A few years ago we were streaming out some Player Unknown’s Battlegrounds to our gigantic audience of like 4 people, when one of the folks in our chat blindsided us with a simple request: “Can I join you?” It was a request that more experienced streamers would not engage with at all, but like a house of cards our convictions came crumbling down in an instant. Our inexperience laid bare and our judgment dissolved, we let them join us — live and unvetted. Of all the ways that story could have ended, I would not have expected it to end with us having excellent chemistry with what would become a really good friend, which is exactly what happened.
But that story is an outlier and represents the only time in my life that I’ve ever made an ‘internet friend’, and they kind of forced my hand cause I didn’t know how to say, “nah, we’re good,” in the middle of a stream. Like, they could have hopped on our stream and just said the most horrendous shit they could imagine, but instead they were extremely cool. It all worked out, but it’s made me think about all of the online communities I’ve avoided and the connections I never made, mostly because of a crippling social anxiety.
It’s weird to me that in an age where internet anonymity emboldened people to be as vile and repugnant as possible, that I can’t muster the courage to interact with people online. I think my fear comes from that ’emboldened asshole’ thing though, cause while I’m not the type to engage with folks online whether it be positively or negatively, I worry everyone else is gonna be really shitty to me the second I open my mouth.
I see people engaging with each other inside of games, on social media or over Discord, basking in the glow of their shared interests and I wish I had that. I wish I had a place that I could log into and just kind nerd out with random folks who are just as weird and dorky as myself. But I don’t know where to start, and more importantly, I have this crippling social anxiety that makes even the simple task of hitting the automated “say hello” button that pops up in Discord servers a tall order.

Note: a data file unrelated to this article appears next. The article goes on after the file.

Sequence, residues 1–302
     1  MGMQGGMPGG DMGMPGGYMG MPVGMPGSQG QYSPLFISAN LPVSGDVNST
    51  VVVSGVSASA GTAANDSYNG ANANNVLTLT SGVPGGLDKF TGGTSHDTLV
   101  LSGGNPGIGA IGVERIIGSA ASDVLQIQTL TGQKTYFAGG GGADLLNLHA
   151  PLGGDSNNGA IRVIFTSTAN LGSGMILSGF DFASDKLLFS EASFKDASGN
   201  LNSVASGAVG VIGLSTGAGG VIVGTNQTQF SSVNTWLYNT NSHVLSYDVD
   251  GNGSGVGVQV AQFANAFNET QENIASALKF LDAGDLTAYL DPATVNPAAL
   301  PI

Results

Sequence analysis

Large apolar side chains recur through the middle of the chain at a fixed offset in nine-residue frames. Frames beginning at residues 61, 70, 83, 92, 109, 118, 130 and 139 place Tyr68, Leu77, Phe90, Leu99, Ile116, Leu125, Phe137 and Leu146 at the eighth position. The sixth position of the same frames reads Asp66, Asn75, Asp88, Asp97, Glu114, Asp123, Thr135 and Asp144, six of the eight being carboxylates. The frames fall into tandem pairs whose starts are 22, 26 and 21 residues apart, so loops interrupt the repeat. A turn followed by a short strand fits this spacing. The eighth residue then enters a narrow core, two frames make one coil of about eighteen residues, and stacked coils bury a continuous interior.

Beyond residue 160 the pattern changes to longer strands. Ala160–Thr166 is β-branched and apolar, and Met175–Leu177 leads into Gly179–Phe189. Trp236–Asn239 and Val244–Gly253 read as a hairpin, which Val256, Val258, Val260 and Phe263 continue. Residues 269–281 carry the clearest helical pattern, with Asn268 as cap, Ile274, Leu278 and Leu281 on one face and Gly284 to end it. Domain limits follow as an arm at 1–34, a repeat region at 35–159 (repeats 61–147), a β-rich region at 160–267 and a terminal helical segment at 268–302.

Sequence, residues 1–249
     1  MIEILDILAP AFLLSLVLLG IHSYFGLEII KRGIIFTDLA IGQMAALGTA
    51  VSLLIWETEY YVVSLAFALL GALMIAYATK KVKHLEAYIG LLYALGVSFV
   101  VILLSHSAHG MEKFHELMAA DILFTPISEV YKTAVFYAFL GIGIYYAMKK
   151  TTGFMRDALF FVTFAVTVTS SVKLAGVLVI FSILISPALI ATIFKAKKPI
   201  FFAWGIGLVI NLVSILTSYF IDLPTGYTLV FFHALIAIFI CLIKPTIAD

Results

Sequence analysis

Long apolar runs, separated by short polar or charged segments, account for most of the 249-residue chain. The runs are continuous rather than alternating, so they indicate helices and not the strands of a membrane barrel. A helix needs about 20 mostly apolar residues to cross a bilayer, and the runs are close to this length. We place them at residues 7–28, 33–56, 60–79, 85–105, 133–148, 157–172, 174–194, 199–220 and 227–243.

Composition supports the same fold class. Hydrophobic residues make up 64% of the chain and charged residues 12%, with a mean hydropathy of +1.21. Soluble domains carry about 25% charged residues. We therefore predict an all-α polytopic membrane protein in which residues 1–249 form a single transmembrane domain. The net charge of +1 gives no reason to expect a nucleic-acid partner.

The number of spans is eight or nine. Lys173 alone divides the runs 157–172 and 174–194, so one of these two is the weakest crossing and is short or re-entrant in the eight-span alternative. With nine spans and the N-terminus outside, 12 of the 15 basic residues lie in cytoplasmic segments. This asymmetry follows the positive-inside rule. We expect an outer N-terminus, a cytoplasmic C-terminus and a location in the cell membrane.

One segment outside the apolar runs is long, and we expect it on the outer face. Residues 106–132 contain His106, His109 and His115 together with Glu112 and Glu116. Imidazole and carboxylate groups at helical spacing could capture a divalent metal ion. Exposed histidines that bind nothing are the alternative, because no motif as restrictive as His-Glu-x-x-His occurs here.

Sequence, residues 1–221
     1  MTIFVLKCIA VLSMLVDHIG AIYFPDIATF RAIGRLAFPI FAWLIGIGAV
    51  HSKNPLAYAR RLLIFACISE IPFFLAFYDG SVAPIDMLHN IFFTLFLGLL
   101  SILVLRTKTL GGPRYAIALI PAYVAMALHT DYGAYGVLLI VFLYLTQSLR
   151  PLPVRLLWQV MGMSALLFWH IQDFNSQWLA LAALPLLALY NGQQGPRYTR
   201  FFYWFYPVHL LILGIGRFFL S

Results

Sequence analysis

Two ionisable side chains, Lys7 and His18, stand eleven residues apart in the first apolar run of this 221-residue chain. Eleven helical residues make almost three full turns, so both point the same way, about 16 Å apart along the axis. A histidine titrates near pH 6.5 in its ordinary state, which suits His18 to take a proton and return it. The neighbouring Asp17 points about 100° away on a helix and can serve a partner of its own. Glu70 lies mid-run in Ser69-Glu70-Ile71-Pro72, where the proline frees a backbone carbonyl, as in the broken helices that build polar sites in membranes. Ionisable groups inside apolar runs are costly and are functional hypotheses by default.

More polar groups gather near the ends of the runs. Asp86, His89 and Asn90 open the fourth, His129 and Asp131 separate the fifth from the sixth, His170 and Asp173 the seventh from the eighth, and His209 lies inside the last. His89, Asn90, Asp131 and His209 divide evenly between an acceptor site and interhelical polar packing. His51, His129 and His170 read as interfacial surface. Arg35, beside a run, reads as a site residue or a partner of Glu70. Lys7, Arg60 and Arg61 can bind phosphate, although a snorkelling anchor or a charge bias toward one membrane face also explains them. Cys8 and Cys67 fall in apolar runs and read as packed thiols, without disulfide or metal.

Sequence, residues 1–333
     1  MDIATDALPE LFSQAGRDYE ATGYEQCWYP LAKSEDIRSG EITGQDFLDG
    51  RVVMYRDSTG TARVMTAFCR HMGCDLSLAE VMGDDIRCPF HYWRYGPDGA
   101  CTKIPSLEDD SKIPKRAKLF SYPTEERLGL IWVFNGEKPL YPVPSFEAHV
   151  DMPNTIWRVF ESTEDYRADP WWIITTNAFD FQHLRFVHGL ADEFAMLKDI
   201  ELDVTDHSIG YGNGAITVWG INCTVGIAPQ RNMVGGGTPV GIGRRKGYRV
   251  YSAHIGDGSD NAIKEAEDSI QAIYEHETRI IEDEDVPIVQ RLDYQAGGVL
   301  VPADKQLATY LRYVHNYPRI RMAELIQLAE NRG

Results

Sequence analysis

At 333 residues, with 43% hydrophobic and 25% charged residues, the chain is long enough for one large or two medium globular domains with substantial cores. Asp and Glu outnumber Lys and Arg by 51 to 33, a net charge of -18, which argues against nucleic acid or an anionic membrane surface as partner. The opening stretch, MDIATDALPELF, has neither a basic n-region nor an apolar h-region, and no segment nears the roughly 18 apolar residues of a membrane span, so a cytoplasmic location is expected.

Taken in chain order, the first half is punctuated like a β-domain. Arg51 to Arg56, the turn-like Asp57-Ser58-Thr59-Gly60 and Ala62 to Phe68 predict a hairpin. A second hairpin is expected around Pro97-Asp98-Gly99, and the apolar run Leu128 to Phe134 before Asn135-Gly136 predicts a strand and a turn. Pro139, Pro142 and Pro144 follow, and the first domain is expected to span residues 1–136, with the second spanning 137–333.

All of this begs the question, ‘to what end?’ I have friends that I talk to pretty regularly and we’re all pretty dorky, it isn’t like I couldn’t blab about video games or D&D to them. I guess I just want to meet new people, but regardless of if that’s in-person or online, I’m terrible about being brave enough to engage with anyone new. Like, I’m not even the guy at the party who spends all his time on his phone, I’m guy who didn’t even show up to the party and feels terrible for not going but also relieved.
This isn’t just about wanting to make new friends though, because the other side of this whole situation is me wanting to find welcoming communities of like-minded individuals. I know they’re out there, but I just don’t have it within me to make that jump and engage with one of them. It’s social anxiety manifest in spaces where I assume I’d be welcomed, but the possibility of them being exclusionary, no matter how infinitesimal, outweighs my desire to make new connections. Simply put, I think I’m just afraid of rejection.
Have you ever heard the phrase, “throwing spaghetti at the wall and seeing what sticks?” Aside from being an incredibly weird idiom that people use, myself included, it’s also been the technique I’ve been using to find a game I can really stick with, except the spaghetti in this metaphor is my money and so far the wall is a garbage can that’s on fire.
For those of you who aren’t aware, I have a problem with sticking to one video game for long stretches of time. Not since the days of Player Unknown’s Battlegrounds and Overwatch can I really remember spending significant time with a game that didn’t involve me playing virtual basketball. Don’t get me wrong, I enjoy playing the NBA 2K games as kind of a mindless time waster, but it’s been a good long while since I’ve really dug into anything else.
That isn’t to say that I haven’t tried though. I’ve given so many different games a shot, ranging from the underwhelming but somewhat enjoyable Gotham Knights to the eternal grind-fest that is Disney Dreamlight Valley. I took advantage of Black Friday sales and picked up the bland and lifeless reboot of Saints Row, the slick and stylish OlliOlli World, and even four different Crash Bandicoot games, all of which reminded that I never enjoyed those games when I was a kid and I have less patience for their bullshit now. Those games are fine enough but none of them held my attention for any longer than a few hours which is a shame considering that while I do have disposable income, it isn’t that disposable.
I don’t have a problem with running through countless decades of NBA history in NBA 2K23‘s MyEras mode, but eventually I’d like to do something else that doesn’t reimagine what life would be like if LeBron James was drafted by the Knicks or whatever. I have some other games on the docket that I’m eager to try, but I worry that I’m just beyond the point where a single game is going to satisfy me for that long. I’ll openly admit that I’m a very picky gamer who constantly feels like they don’t have enough time to commit to something new, but I know there’s got to be something out there that’ll appeal to my weirdly specific tastes.